First all-private astronaut team lifts off for ISS in milestone SpaceX flight

A SpaceX rocket ship has blasted off carrying the first all-private astronaut team ever launched to the International Space Station (ISS), a flight hailed by industry executives and Nasa as a milestone in the commercialisation of spaceflight.

The team of four selected by Houston-based startup Axiom Space Inc for its debut spaceflight and orbital science mission lifted off on Friday morning from Cape Canaveral, Florida.

Live video webcast by Axiom showed the 25-storey SpaceX launch vehicle – consisting of a two-stage Falcon 9 rocket topped by its Crew Dragon capsule – streaking into the blue skies over Florida’s Atlantic coast.

Cameras inside the crew compartment beamed footage of the four men strapped into the pressurised cabin, seated calmly in their helmeted white-and-black flight suits as the rocket soared toward space.

Nine minutes after launch, the rocket’s upper stage delivered the crew capsule into its preliminary orbit, according to launch commentators. Meanwhile the rocket’s reusable lower stage, having detached from the rest of the spacecraft, flew itself back to Earth and safely touched down on a landing platform floating on a drone vessel in the Atlantic.

Launch webcast commentator Kate Tice described the liftoff as “absolutely picture-perfect”. One crew member could be heard telling mission control in a radio transmission: “That was a hell of a ride.”

If all goes as planned, the quartet led by the retired Nasa astronaut Michael Lopez-Alegria will arrive at the space station on Saturday, after a 20-hour-plus flight, and the autonomously operated Crew Dragon will dock with the ISS.

SpaceX was directing mission control for the flight from its headquarters near Los Angeles.

Nasa, besides furnishing the launch site, will assume responsibility for the astronauts once they rendezvous with the space station to undertake eight days of science and biomedical research.

The mission, representing a partnership among Axiom, SpaceX and Nasa, has been touted by all three as a major step in the expansion of commercial space ventures collectively referred to by insiders as the low-Earth orbit economy, or LEO economy.

“We’re taking commercial business off the face of the Earth and putting it up in space,” the Nasa chief, Bill Nelson, said before the flight. The shift enabled his agency to focus more on sending humans back to the moon, to Mars and on other deep space exploration, he said.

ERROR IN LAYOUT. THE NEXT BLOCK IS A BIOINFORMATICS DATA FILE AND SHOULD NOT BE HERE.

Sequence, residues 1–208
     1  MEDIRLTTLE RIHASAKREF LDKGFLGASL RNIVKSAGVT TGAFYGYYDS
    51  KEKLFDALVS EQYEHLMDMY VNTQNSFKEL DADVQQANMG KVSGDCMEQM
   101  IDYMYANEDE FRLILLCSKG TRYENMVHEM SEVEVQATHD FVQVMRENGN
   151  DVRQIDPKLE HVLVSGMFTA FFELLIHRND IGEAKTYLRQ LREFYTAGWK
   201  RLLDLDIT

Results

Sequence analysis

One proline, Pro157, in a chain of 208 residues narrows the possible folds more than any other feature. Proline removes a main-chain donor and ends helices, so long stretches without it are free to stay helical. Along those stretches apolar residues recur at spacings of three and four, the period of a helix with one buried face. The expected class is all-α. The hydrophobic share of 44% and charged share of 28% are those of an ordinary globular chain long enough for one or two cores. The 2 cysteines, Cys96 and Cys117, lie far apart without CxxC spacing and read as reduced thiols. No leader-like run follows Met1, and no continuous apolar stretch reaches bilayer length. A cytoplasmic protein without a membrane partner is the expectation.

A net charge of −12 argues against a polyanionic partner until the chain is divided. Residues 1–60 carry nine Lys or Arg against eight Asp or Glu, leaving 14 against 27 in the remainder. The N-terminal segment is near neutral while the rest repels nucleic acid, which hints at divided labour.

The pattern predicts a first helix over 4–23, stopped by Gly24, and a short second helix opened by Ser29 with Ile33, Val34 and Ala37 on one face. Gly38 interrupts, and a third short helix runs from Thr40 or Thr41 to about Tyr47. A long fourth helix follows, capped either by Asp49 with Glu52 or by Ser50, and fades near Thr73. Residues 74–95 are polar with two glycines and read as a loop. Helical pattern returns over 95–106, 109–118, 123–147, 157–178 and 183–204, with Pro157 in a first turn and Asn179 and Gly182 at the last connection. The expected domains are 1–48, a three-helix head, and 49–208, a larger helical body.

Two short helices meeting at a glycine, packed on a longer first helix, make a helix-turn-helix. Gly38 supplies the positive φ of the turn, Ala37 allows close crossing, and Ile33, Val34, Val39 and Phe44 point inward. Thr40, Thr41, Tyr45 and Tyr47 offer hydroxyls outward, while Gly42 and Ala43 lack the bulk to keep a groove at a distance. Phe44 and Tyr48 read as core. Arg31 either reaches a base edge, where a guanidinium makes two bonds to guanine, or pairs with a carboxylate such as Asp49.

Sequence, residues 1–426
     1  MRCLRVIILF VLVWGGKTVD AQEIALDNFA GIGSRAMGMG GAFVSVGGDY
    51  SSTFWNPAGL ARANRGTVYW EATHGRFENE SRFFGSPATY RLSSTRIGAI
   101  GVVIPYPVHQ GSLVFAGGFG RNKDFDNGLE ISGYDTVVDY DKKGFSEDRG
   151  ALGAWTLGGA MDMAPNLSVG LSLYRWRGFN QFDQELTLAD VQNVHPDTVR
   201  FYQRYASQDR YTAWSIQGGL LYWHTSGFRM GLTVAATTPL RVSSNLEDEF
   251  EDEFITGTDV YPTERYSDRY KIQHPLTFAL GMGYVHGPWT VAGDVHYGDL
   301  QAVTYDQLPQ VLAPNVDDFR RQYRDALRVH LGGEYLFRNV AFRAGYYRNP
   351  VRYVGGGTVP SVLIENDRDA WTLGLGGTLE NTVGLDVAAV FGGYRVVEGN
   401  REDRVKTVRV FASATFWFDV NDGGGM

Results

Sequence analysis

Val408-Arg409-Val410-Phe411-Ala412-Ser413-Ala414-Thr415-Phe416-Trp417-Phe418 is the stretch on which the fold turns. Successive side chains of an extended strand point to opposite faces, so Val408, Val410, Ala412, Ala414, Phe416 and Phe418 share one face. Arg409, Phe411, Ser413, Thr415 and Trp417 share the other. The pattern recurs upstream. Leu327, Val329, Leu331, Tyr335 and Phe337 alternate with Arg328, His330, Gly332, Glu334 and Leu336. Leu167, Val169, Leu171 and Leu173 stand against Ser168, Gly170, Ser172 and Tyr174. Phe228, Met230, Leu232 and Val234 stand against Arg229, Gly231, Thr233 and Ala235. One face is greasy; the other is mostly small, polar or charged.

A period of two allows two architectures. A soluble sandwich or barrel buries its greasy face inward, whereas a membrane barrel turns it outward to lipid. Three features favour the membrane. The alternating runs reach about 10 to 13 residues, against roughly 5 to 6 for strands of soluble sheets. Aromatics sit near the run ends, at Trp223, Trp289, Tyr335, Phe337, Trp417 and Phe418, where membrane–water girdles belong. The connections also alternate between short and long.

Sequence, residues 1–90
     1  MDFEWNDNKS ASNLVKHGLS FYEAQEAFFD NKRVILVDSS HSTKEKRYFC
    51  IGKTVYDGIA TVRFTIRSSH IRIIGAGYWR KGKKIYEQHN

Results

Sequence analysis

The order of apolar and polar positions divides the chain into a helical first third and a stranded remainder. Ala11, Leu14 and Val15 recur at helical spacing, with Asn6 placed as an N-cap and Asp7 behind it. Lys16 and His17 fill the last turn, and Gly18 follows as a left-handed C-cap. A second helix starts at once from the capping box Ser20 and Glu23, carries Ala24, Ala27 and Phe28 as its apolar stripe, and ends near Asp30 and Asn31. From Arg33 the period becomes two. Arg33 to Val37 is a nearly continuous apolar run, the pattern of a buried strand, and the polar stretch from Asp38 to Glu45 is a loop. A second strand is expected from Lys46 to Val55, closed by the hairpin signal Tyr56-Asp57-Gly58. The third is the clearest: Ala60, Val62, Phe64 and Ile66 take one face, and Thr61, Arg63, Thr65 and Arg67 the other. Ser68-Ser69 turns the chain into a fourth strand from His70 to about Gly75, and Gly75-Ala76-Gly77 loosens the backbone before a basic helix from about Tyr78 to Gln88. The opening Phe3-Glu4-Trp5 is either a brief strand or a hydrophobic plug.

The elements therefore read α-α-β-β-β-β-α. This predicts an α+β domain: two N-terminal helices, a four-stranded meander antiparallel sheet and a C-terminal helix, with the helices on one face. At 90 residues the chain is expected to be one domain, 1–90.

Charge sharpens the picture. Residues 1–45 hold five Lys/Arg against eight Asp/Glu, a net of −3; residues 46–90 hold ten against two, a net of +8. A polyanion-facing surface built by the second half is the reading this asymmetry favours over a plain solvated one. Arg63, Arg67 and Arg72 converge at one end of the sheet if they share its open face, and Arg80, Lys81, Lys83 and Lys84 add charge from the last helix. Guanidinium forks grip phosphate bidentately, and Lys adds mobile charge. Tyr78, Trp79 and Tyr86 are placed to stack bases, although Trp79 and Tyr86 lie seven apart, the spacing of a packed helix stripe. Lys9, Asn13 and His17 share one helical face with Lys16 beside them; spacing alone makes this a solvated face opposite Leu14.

Friday’s launch also stands as SpaceX’s sixth human space flight in nearly two years, following four Nasa astronaut missions to the space station and the “Inspiration 4” launch in September that sent an all-civilian crew to orbit for the first time. That flight did not dock with the ISS.

While the space station has hosted civilian visitors from time to time, the Ax-1 mission will mark the first all-commercial team of astronauts to use the ISS for its intended purpose as an orbiting research laboratory.

The Axiom team will be sharing the weightless work environment with seven regular, government-paid ISS crew members: three American astronauts, a German and three Russian cosmonauts.

Lopez-Alegria, 63, the Spanish-born Axiom mission commander, is also the company’s vice-president for business development. His second-in-command is Larry Connor, a real estate and technology entrepreneur and aerobatics aviator from Ohio designated as the mission pilot. Connor is in his 70s; the company did not provide his precise age.

Rounding out the Ax-1 team are investor-philanthropist and former Israeli fighter pilot Eytan Stibbe, 64, and Canadian businessman and philanthropist Mark Pathy, 52, both serving as mission specialists. The flight makes Stibbe the second Israeli in space, after Ilan Ramon, who perished with six Nasa crewmates in the 2003 space shuttle Columbia disaster.

The Axiom crew members may appear to have a lot in common with many of the wealthy passengers taking suborbital rides in recent months on board the Blue Origin and Virgin Galactic services offered by billionaires Jeff Bezos and Richard Branson, respectively.

But Axiom said its mission went far beyond space tourism, with each crew member undergoing hundreds of hours of astronaut training with both Nasa and SpaceX.

The Ax-1 team also will be conducting about two dozen science experiments including research on brain health, cardiac stem cells, cancer and ageing, as well as a technology demonstration to produce optics using the surface tension of fluids in microgravity, company executives said.

Launched to orbit in 1998, the space station has been continuously occupied since 2000 under a US-Russian-led partnership including Canada, Japan and 11 European countries.

Nasa has no plans to invest in a new space station once the ISS is retired, around 2030. But Nasa selected Axiom in 2020 to build a new commercial wing to the orbiting laboratory, which is currently the length of a football field.

Plans call for eventually detaching the Axiom modules from the rest of the station when it is ready to be decommissioned. Other private operators are expected to place their own stations in orbit once the ISS is out of service.

In the meantime, Axiom said it has contracted with SpaceX to fly three more private astronaut missions to the space station over the next two years.

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